In conclusion, among the 35 Commonwealth countries identified by the KAM,  21 are S&T lagging. To this category we can add Seychelles, two countries from Asia, eight from the Pacific, and seven from the Caribbean and Americas that are not yet considered as knowledge economies by the KAM.

Further, from 1995 to 2012, the countries rated as most seriously S&T lagging observed some sort of regression or instability on the measures reviewed, meaning that they are still struggling to consolidate and maintain efforts towards progress as fuller knowledge economies.

Also, from 2000 to 2012, 19 Commonwealth countries regressed in EIR index, 17 regressed in Education index, 27 regressed in ICT index, and 17 regressed in Innovation index. From this we can infer that though the four pillars are all fundamental and intermingled, Commonwealth countries need to put extra emphasis on Information and Communications Technologies infrastructure.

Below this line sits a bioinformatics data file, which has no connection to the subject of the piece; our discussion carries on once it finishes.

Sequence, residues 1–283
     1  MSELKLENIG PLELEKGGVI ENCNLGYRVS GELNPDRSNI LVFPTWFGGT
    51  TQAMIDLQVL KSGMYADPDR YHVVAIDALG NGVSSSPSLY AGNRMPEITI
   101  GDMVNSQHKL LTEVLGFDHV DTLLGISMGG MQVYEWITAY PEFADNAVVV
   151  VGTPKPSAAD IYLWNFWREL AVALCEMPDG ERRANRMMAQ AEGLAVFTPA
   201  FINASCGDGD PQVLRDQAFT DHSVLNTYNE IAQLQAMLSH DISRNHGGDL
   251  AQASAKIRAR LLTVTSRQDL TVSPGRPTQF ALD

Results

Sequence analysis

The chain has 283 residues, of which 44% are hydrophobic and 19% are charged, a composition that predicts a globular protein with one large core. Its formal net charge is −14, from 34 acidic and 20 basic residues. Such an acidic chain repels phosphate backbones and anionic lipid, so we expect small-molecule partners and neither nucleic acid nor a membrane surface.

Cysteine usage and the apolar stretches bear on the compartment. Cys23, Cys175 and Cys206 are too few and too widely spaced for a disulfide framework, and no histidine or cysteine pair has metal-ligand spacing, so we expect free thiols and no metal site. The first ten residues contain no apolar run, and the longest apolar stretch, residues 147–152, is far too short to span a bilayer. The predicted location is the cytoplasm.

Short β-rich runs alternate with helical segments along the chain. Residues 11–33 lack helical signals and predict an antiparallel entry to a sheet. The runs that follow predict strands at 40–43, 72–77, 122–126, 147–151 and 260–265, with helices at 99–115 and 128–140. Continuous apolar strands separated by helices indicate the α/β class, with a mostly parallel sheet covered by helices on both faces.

In other words, they must improve access to energy supply, along with telephones, computers and Internet users per 1000 people. To achieve that, Commonwealth policy makers and leaders should make strong commitments towards cooperation and investments in capacity-building.

References:

  • The K4D program of the World Bank and its KAM methodology can be found on www.worldbank.org/kam.
  • For access to world countries’ KEI data and statistics from 1995 to 2012, go to http://knoema.com/WBKEI2013/knowledge-economy-index-world-bank-2012
  • “Strategic approaches to S&T in development”. World Bank paper.
  • OECD (Organization for Economic Co-operation and Development) report. 1996. “The Knowledge-Based Economy”. Paris.